The COVID-19 pandemic has struck Alexander City — yet again.
The virus never went away but cases had stabilized. Now, positive cases are on the rise. With the sick at home and in the hospital and others in quarantine due to close contact of those who were sick, many services across the city are being touched.
“COVID is running rampant through Alex City,” Mayor Woody Baird said. “The burden on the city is huge.”
Baird was at the Alexander City Kiwanis Club weekly lunch Thursday giving an update on issues in the city. The largest at the moment is the COVID-19 pandemic. The Alabama Department of Public Health (ADPH) and Russell Medical are currently reporting an increase in positive cases in Tallapoosa County. ADPH has reported 175 new cases of COVID-19 in Tallapoosa County in the last two weeks. Twenty-three new positive cases were reported Wednesday alone, setting a record for the second highest single day of reported positive cases.
COVID-19 has found the Alexander City Police Department (ACPD). Until last week, its mitigation procedures have prevented any positive cases amongst the department ranks. Now that ACPD is seeing its first officers with the coronavirus, the department’s abilities to serve Alexander City remain intact.
“We have not had any issues with staffing as of yet,” ACPD chief Jay Turner said. “Upon exposure to a positive case, we quarantine for 10 days. We test once at the beginning and then prior to returning to work. Last week was our first experience internally with COVID with two administrative employees testing positive.”
Turner said since the beginning of the pandemic, the department has been vigilant with efforts to prevent the spread of the virus.
“We continuously sanitize the building,” Turner said. “Temperatures are monitored and masks are mandatory.”
Baird said a few of the city’s more than 300 employees have recently tested positive and the city is dealing with those issues.
The spread of the virus through Alexander City affecting Alexander City Schools and its 3,000 students has created a larger issue — childcare.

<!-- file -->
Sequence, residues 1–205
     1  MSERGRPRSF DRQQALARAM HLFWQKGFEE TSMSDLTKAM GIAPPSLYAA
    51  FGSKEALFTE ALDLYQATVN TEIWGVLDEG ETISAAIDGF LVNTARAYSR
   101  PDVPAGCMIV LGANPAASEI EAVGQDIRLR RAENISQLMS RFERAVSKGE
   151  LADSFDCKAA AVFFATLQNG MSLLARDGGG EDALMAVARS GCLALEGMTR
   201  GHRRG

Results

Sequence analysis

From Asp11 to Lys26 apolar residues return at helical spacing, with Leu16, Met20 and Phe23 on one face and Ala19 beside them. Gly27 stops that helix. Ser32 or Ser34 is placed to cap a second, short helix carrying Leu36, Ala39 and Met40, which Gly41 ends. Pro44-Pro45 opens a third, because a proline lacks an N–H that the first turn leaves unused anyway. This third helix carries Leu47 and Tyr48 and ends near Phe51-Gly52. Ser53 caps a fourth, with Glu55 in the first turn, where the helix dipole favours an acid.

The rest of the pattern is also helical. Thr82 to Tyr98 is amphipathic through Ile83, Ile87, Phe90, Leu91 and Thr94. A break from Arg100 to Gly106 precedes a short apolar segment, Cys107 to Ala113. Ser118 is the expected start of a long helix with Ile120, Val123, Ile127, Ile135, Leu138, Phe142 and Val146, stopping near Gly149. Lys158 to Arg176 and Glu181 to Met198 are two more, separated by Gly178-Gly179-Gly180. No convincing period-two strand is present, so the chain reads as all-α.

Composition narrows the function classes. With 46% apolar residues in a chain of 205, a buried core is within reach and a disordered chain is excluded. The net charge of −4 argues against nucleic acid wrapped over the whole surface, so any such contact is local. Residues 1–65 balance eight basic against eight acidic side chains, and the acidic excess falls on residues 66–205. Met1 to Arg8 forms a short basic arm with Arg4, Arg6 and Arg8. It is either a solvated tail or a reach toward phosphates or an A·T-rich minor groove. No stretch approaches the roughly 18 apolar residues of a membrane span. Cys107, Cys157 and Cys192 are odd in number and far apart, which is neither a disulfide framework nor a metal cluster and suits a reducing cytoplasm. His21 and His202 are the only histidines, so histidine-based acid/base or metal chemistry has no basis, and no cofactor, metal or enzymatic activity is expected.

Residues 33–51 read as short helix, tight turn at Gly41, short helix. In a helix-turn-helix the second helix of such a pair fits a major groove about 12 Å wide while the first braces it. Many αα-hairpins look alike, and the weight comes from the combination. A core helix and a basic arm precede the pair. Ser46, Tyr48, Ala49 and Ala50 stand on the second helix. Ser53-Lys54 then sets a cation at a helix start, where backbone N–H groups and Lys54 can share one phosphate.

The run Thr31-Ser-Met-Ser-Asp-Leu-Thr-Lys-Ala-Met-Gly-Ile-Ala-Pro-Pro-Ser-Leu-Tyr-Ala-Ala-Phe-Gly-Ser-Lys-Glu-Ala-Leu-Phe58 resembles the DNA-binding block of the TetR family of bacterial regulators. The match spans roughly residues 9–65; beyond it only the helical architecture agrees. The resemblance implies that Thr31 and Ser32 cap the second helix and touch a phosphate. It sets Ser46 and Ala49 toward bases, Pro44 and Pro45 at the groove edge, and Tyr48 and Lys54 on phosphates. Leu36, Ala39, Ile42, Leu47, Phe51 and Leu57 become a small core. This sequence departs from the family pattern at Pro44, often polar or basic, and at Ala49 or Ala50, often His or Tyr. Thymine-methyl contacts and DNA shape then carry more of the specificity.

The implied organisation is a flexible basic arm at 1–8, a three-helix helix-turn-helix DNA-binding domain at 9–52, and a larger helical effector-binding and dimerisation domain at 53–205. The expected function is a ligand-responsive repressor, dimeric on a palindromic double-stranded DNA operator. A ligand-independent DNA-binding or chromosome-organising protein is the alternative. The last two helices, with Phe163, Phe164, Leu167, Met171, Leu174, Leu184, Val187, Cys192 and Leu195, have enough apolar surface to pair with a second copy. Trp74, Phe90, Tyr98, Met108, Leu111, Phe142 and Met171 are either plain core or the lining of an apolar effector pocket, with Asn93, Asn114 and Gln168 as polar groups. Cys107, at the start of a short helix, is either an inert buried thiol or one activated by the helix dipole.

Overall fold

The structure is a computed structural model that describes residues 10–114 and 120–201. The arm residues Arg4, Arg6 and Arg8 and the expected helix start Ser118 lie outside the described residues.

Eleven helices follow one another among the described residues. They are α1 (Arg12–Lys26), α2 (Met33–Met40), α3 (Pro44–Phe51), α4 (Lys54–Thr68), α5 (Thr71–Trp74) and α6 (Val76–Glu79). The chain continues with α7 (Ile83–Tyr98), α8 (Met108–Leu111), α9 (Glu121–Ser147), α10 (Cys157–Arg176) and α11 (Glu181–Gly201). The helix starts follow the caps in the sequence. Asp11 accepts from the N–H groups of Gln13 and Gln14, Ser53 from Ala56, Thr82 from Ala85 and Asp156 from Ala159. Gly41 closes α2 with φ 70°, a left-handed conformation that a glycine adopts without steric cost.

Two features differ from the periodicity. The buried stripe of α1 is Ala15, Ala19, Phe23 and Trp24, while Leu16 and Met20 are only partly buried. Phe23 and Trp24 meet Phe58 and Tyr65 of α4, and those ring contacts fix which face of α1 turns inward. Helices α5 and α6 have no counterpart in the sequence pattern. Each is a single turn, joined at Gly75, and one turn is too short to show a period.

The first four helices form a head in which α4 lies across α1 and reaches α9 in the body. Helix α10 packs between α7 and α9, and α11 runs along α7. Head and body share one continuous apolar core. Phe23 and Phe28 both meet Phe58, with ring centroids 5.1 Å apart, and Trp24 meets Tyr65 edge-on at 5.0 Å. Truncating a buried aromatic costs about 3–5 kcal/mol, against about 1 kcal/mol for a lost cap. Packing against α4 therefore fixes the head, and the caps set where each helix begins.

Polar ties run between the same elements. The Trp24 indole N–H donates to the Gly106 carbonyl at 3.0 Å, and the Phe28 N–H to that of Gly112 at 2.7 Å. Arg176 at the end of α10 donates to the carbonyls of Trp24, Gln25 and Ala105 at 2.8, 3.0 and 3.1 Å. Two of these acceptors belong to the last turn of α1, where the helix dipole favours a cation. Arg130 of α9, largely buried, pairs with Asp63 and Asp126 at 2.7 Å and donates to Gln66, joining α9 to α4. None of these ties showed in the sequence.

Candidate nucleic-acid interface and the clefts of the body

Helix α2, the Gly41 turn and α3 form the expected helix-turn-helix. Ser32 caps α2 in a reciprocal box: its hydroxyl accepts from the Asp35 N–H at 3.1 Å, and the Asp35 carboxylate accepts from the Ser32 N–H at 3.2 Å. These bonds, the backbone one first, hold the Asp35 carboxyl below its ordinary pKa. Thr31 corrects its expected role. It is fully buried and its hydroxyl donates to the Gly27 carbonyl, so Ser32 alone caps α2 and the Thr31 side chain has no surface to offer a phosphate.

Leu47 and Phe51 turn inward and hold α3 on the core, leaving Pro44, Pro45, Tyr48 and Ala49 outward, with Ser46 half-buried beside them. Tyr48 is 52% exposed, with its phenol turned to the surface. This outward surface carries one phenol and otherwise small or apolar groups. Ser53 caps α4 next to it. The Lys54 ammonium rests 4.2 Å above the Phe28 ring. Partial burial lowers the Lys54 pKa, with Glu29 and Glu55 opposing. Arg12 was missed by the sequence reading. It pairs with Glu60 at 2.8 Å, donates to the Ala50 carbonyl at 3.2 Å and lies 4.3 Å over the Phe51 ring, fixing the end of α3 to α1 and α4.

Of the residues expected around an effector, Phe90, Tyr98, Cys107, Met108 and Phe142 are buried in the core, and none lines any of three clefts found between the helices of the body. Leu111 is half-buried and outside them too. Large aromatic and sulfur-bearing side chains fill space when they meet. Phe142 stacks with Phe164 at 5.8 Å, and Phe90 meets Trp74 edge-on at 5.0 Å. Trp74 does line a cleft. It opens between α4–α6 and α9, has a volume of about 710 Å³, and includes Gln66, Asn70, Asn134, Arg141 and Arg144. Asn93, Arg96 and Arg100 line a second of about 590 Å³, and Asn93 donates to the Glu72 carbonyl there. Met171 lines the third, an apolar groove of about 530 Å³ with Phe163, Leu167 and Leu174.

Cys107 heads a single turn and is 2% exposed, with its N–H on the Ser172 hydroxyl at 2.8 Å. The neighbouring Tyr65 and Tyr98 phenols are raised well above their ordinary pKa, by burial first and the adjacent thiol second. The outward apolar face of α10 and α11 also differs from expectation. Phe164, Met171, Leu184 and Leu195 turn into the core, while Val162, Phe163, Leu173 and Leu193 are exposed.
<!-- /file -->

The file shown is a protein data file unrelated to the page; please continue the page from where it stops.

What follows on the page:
“We have several husbands and wives who work for the city who have school-age children,” Baird said. “With schools sending students home and moving to the virtual option, it has created other problems. We have employees who are having to take off work because of no childcare.”
Baird said extra efforts are being made to protect city employees.
“Our utility clerks have the highest exposure to the general public as they take payments,” Baird said. “They are there in the lobby of city hall. In an effort to protect them and anyone else in city hall or who comes to city hall we are checking the temperature of everyone who comes in. We are also installing utility payment drop boxes to help minimize foot traffic especially in the lobby to limit exposure.”
Baird said city buildings are being regularly disinfected.
“We are wiping down handrails and doors every night,” Baird said. “We are trying to do everything we can.”
Russell Medical director of marketing Susan Foy said the hospital is seeing more patients affected by COVID-19.
“We have been seeing a steady increase of positive cases over the last week to two weeks,” Foy said. “We are seeing an increase almost parallel to the current increases in the state numbers.”
Russell Medical has seen an increase in hospitalizations due to COVID-19. Foy said Russell Medical’s intensive care unit is full with some COVID-19 positive patients .
Foy said everyone needs to keep following the social distancing and mask wearing guidelines.
“We are seeing some sick patients,” Foy said. “We need to be vigilant and follow the guidelines.”
Baird said not following the protocols could potentially cause COVID-19 to continue to spread in the area forcing school officials to continue virtual learning. COVID-19 could affect more organizations in the area.
“The schools are looking to come back after Thanksgiving,” Baird said. “If people get too relaxed over Thanksgiving with gatherings, we could see another spike within a few weeks. Then there is Christmas and with its gatherings and traditions. To stop it, we must all be sure we are following the protocols.”